Category Archives: small animal medicine

Dr. Hyde, Pet Vet, 1939

I try to purchase paper items relating to early small-animal veterinary practices when they come my way. (Check out my post from July 2015 on the an early New York City animal hospital, based on a 1900 pamphlet that promoted the practice.)  I was pleased to be able to purchase this group of snapshots of a veterinarian and his practice, all dated 1939.  I’m still trying to figure out who Dr. Hyde is.  I made the mistake of not quizzing the seller of these snapshots about the source, and I will try to contact him as time permits.  If I learn more, I’ll revise this post.

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The office appears to be in a residential neighborhood, and it looks like a converted two-car garage.

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The operating/examination room is very simple, but it follows the ideas about small-animal practice that took hold in the 1920s, when many large-animal vets in cities and towns reoriented their practices toward the care of pets.  It has a white enamel sink on the left side and the operating table has a white enamel surface.  There’s a locker, perhaps for supplies, beyond the sink and a cabinet of medicines  on the upper right.

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And here is Dr. Hyde with either his own dog or one of his patients, who looks serious — perhaps at the prospect of getting a vaccination.  Dr. Hyde has his arm around the little fellow and they both look into the camera, like a studio photograph of a man and his dog.

I’m only sorry that there was apparently no photo of the waiting room.  I’d like to see whether Dr. Hyde followed the advice of the American Animal Hospital Association (founded in 1933) to create an office environment that paralleled that of the family physician.

If you know anything about Dr. Hyde, please share it with us!  I’d be happy to credit you as co-author of this post.

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Richard Goodwin, Dog Specialist, Part II

When Richard Goodwin published his book on the care of dogs and cats in 1927, he joined a group of small businessmen — druggists, dog breeders, old-time vets trained by apprenticeship and younger practitioners who attended the growing number of “veterinary colleges” — who made and bottled  their own over-the-counter medicines and remedies for pets.  They all left paper trails in the form of booklets distributed free to points of sale.  pets-blog-7-jan-2017-goodwin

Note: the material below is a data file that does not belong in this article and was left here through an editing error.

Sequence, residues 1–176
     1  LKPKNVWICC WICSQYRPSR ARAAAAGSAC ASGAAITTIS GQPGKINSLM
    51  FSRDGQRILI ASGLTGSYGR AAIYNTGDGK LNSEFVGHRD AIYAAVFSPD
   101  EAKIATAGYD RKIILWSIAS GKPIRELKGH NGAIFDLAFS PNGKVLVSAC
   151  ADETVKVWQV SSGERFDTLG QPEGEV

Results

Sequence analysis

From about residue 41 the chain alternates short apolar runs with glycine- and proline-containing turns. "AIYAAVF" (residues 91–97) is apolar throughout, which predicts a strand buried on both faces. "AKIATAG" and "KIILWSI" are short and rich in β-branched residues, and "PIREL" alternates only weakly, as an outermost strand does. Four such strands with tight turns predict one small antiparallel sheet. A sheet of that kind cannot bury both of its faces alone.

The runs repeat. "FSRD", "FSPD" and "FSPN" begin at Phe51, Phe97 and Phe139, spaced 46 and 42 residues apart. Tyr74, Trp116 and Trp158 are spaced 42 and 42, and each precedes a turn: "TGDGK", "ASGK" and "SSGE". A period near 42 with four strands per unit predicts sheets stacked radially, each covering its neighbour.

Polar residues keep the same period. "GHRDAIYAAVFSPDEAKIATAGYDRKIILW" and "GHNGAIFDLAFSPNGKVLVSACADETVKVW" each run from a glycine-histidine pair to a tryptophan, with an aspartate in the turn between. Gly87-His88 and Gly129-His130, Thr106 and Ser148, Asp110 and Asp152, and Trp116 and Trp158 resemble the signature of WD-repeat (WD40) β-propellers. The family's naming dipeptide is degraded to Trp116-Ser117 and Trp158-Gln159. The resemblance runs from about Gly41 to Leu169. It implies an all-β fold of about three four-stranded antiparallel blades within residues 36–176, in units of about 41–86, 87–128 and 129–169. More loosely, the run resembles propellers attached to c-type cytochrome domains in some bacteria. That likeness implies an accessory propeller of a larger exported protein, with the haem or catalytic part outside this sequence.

A handful of these fellows —  veterinarian George Clayton of Chicago and the druggist Polk Miller of Richmond, Virginia, for example — published many editions of their advertising booklets; since the point-of-sale is often stamped in a space on the back cover, it’s possible to see where concerned dog owners obtained the remedies. These  texts suggest the presence of worried people dealing with an array of chronic problems — sarcoptic mange, worms, digestive diseases — and infectious diseases like distemper for which there were no effective vaccines.  As I have written elsewhere, most pet owners were their own veterinarians until the second half of the twentieth century.  “Tonics” and “blood builders” for dogs were also common offerings, reflecting the wide use of similar products for people and the uneven quality of the canine diet.  And the core products for any line of dog remedies were the flea powders that I’ve written about in other posts, along with kennel disinfectants using carbolic acid, an ingredient used to clean human sickrooms, too.

“From a Mangy Wreck to a Blue Ribbon Winner.”

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Richard Goodwin offered seven “preventatives” for the pet owner’s medicine chest;  their formulae are unknown, but practical wisdom among pet store owners, dog breeders and early vets probably included exchanging observations on what worked and what didn’t, just as it did among stablemen treating horses.

What sets this little booklet apart from the others is its use of southern California testimonials throughout, and the implication that Richard Goodwin had connections with the growing film industry. Excerpts of testimonial letters are often found in most advertising for dog remedies, but Goodwin doesn’t seem to be interested in a national market for his products.  Along with the story of Pal, above, readers saw proof of efficacy in photos of patients like Fritsie, below, with invitations to visit the recovered patient and actual street addresses for so doing.                           pets-blog-7-jan-2017-goodwin_0008